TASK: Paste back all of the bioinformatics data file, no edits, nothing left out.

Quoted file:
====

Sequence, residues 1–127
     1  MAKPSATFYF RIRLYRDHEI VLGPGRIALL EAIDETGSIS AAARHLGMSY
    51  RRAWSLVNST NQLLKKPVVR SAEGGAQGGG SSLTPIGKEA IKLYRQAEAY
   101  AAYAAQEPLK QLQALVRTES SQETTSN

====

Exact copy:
Sequence, residues 1–127
     1  MAKPSATFYF RIRLYRDHEI VLGPGRIALL EAIDETGSIS AAARHLGMSY
    51  RRAWSLVNST NQLLKKPVVR SAEGGAQGGG SSLTPIGKEA IKLYRQAEAY
   101  AAYAAQEPLK QLQALVRTES SQETTSN